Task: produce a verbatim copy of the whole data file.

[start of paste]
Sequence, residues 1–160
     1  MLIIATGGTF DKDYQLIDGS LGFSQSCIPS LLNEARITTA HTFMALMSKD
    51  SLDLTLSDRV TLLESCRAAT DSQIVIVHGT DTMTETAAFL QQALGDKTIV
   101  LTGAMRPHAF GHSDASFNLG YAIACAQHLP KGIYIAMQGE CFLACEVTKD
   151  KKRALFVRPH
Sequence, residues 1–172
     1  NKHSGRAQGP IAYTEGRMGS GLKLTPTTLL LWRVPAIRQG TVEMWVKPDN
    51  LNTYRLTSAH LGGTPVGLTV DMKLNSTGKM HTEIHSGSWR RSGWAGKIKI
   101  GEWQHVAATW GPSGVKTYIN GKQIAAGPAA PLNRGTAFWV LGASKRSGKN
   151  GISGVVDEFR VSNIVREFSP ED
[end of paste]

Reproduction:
Sequence, residues 1–160
     1  MLIIATGGTF DKDYQLIDGS LGFSQSCIPS LLNEARITTA HTFMALMSKD
    51  SLDLTLSDRV TLLESCRAAT DSQIVIVHGT DTMTETAAFL QQALGDKTIV
   101  LTGAMRPHAF GHSDASFNLG YAIACAQHLP KGIYIAMQGE CFLACEVTKD
   151  KKRALFVRPH
Sequence, residues 1–172
     1  NKHSGRAQGP IAYTEGRMGS GLKLTPTTLL LWRVPAIRQG TVEMWVKPDN
    51  LNTYRLTSAH LGGTPVGLTV DMKLNSTGKM HTEIHSGSWR RSGWAGKIKI
   101  GEWQHVAATW GPSGVKTYIN GKQIAAGPAA PLNRGTAFWV LGASKRSGKN
   151  GISGVVDEFR VSNIVREFSP ED